These days, there are thousands of Western-style restaurants and cafés as well as kebab houses, pancake parlours, burger joints, pastry shops, and all sorts of other international eateries, offering first-class and extremely tempting dishes, all over Tokyo. You’ll have no trouble at all finding Western foods and meals that will delight your senses in Shibuya, Harajuku, Shinjuku, Ginza, and many of the other famous areas in Tokyo during your stay, but that’s not what this blog post is all about. If you’ve decided to visit Japan or if you’re returning for another trip, you must be interested in exploring the Japanese culture and experiencing the “real Japan”. So, if you want a more authentic and enjoyable stay and if you plan to leave with some great memories, then steer clear of as much Western-style food as possible.
When I visited Japan in the nineties and when I lived there in the noughties, the only reasonably priced Western-style food that didn’t taste like Japanese food to me was McDonald’s, KFC, and the submarine sandwiches at the American fast food chain Subway, and I had to travel all the way to Ginza to eat those submarines. Don’t get me wrong, I love love love Japanese food and I could eat it eleven out of the twelve months of the year, but if you’ve ever lived in Japan you’ll know just how much you crave Western food after a few months of eating wa-shoku (food of Japan) every day. But no matter how much you enjoy tucking into a succulent rib-eye steak, a tall stack of pancakes, or an al dente bowl of spaghetti Bolognese, if you’re planning to visit Japan you really should try and eat as much wa-shoku as possible and stay away from those fastfood outlets you’ve grown up with or the fancy restaurants with familiar looking Western food.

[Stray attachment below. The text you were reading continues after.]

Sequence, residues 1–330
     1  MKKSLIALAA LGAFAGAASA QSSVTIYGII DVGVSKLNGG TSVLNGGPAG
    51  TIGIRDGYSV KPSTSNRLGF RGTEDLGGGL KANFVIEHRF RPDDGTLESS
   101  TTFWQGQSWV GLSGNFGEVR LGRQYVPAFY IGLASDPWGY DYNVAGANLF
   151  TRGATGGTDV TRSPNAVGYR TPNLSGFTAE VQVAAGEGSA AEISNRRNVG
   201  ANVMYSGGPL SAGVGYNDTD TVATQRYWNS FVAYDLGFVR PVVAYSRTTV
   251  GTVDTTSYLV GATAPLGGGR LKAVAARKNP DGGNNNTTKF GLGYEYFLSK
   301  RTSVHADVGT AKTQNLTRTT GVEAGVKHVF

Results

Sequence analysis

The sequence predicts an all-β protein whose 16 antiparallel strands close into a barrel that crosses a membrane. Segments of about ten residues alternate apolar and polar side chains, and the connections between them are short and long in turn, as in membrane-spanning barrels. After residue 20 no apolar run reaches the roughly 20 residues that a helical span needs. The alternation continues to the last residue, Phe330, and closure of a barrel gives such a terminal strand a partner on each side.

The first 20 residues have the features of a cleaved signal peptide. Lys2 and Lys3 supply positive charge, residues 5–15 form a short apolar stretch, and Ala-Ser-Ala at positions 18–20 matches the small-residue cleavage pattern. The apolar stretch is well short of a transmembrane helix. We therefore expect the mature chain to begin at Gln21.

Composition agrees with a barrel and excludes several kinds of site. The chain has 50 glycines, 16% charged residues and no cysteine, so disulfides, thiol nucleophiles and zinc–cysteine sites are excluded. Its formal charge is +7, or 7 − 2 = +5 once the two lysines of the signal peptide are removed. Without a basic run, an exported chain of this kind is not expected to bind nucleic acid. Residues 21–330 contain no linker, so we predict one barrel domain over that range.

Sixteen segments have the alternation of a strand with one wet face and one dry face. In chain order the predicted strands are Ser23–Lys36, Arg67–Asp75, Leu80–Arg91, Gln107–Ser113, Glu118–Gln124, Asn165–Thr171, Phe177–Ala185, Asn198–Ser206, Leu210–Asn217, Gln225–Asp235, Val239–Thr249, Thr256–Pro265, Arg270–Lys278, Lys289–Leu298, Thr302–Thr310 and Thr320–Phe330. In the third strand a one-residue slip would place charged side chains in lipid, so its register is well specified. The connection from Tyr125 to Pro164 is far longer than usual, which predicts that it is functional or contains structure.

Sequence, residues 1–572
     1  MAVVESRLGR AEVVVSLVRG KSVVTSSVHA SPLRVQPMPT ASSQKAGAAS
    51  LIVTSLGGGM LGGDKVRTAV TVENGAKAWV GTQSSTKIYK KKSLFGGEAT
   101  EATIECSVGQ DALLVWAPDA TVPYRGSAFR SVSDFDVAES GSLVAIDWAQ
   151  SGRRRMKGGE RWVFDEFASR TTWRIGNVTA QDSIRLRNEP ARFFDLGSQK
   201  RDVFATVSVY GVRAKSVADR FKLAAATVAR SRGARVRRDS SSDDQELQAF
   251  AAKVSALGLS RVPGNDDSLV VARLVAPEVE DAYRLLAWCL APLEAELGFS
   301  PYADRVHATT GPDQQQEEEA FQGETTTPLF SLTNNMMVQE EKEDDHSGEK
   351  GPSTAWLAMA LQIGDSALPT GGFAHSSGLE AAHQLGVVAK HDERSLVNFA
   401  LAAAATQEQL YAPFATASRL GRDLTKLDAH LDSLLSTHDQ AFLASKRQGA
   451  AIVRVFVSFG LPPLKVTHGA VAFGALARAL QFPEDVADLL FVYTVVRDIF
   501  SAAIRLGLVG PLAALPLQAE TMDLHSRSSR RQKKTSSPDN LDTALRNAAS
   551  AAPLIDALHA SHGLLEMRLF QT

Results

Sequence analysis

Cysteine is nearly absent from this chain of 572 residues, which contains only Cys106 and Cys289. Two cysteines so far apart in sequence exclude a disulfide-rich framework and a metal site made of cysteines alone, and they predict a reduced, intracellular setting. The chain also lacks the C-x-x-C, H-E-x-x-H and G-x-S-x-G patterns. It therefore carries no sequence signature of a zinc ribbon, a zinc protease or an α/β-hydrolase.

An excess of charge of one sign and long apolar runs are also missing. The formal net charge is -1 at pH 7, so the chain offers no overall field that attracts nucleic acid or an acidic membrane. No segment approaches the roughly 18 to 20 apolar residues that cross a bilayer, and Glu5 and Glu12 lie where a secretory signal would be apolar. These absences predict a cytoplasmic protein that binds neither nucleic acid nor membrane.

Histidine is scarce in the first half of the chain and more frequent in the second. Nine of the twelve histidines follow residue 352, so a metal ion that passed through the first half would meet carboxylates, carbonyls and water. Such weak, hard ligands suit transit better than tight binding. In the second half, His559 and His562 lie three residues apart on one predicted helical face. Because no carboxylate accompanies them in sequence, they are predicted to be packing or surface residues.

Did you know wa-shoku (food of Japan) was listed in the UNESCO Intangible Cultural Heritage of Humanity in 2013? This is because Japanese food truly reflects the Japanese culture. That doesn’t mean you need to spend a lot of money eating Kaiseki ryōri (multicourse haute cuisine in Japan) every night of your stay and you probably couldn’t do this anyway because this style of food is so expensive. Although Kaiseki ryōri is a beautiful representation of seasonality, simplicity, and sophistication, my list below includes foods and meals in Tokyo that are available nearly everywhere in Japan. All these foods are exactly what Japanese people like to eat on a regular basis and the kind of food Japanese people crave when they live outside of Japan. You’ll also be pleased to know everything on my list shouldn’t break the bank and most Westerners really like all these Japanese foods and meals.
1. Pork Katsu Curry
Until recently, Chicken Tikka Masala was voted the most popular international dish in Britain so that tells me a lot of Brits love eating curries, but how many people in the UK have tried Japanese curry? Better still, how many people have tried Japanese curry with a breaded deep-fried pork cutlet?!? Don’t worry, if you’ve never tried it. Katsu curry is not very spicy but it’s full of flavour. I recommend the Monsunakku (モンスナック) restaurant near Shinjuku-sanchōme station for pork katsu curry. It’s located under the Kinokuniya bookshop. They’ve been in business for over forty years.
For a cheap and cheerful meal you must try yakitori. This is basically different types of grilled chicken served on skewers. If you speak Japanese you can ask for it to be made to order or if your Japanese language skills aren’t very good then you can just ask for a variety. One of the best places to eat yakitori is at Memory Lane in Shinjuku ( 新宿西口思い出横丁 or Shinjuku Omoide Yokocho).
Unagi is actually eel. Unadon is eel served on rice. Now, before I hear you squeal and complain about how you’d never eat eel, you need to know this is absolutely delicious. The fillets of eel are cooked in what is called a kabayaki style so it has a kind of teriyaki taste and it’s served to you on a bowl of rice or in more expensive restaurants it’s served in a fancy square lacquer box and called unajū.